Survey reveals the state of the European game industry

GDC Europe


A new survey conducted by the organiser of GDC Europe has revealed that the majority of European developers are concentrating on releasing PC and mobile games, with far fewer studios making titles for Sony and Microsoft’s new consoles.

It also suggests that despite lacklustre sales, Vita is ‘gaining momentum’ with developers, and that the UK is ‘no longer the centre of European game development’.

UBM Tech Game Network, organiser of GDC Europe, surveyed over 300 European game industry professionals who have attended GDC, read or planned to attend GDC Europe to gain a picture of game development in the region.

It found that 40 per cent of those surveyed recently released a game for PC or Mac and 39 per cent for mobile. 49 per cent of those surveyed were currently working on a PC game and 59 per cent on a mobile project, and 53 per cent planned to work on a PC game next. 66 per cent planned to make a mobile game after their current game is released.

The figures for console development were far lower. Just 13 per cent of those surveyed were working on PS4 games, with 9 per cent developing an Xbox One title. 23 per cent of developers surveyed were planning on working on a PS4 game next, compared to 14 per cent for Xbox One. Just five per cent were working on a Wii U game, with 7 per cent intending to work on a Wii U game when their current project is released.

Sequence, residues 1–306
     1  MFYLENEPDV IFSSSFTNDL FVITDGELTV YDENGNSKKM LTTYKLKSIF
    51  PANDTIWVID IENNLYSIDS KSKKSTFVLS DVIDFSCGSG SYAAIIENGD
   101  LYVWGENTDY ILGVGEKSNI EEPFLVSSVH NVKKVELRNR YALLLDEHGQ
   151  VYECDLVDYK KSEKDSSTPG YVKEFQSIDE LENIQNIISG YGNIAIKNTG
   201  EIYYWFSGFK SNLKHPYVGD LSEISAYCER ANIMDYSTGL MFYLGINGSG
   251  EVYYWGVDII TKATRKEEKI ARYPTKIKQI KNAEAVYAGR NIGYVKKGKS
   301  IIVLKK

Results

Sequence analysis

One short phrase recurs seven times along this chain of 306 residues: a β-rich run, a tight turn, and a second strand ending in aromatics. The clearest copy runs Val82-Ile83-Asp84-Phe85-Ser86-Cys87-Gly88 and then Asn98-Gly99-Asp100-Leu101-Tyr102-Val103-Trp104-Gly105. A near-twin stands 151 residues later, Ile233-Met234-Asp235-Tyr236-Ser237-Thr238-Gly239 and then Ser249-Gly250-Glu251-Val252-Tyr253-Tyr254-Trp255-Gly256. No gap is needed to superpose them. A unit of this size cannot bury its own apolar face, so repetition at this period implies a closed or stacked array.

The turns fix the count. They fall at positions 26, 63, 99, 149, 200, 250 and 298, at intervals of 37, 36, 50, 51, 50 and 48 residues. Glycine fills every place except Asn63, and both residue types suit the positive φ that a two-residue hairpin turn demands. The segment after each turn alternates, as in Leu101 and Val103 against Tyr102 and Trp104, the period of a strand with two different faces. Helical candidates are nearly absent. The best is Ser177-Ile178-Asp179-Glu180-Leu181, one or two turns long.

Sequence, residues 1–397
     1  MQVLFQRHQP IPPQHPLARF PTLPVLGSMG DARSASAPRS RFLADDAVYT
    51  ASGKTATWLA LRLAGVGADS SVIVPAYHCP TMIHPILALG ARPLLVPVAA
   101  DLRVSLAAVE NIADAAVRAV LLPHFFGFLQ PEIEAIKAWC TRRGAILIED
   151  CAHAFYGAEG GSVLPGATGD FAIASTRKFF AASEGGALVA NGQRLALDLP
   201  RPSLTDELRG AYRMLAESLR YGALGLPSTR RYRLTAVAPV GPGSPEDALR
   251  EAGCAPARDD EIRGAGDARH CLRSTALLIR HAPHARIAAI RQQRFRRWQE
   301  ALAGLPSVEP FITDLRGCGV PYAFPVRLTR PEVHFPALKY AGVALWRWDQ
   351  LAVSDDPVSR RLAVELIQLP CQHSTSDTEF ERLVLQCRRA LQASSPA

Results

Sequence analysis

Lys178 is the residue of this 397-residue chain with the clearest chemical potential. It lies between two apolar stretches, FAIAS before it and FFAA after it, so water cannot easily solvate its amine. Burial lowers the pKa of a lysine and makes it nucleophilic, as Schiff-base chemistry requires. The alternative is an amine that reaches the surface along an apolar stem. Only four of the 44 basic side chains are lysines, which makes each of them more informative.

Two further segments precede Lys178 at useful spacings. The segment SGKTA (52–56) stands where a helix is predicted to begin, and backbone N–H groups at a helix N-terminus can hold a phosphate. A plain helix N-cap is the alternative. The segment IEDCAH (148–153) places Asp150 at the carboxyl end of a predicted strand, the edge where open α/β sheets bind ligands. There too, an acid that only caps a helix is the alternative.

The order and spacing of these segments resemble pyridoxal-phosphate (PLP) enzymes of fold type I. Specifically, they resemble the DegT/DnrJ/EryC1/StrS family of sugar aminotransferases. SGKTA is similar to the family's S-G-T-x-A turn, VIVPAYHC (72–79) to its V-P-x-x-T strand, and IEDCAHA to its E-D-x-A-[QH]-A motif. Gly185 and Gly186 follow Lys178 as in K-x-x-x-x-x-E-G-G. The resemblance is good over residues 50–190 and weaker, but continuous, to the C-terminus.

Among the emerging markets, tablets, smartphones and PS4 were the top three choices with 61, 53 and 39 per cent of those surveyed expressing an interest in developing for the platforms. 37 per cent of respondents considered Steam Boxes the most interesting prospect, with Android home consoles (32 per cent) and Xbox One (20 per cent) considered less interesting.

Only 10 per cent of survey respondents reported being satisfied with their country’s domestic game development tax incentives, and elsewhere in the survey, it was suggested that the UK’s status as the centre of game development could be under threat – when asked to assess which country would make the best games five years from now, the survey showed that Germany topped the poll with 22 per cent, the UK followed with 19 per cent, Finland received 12 per cent, and Sweden received 11 per cent.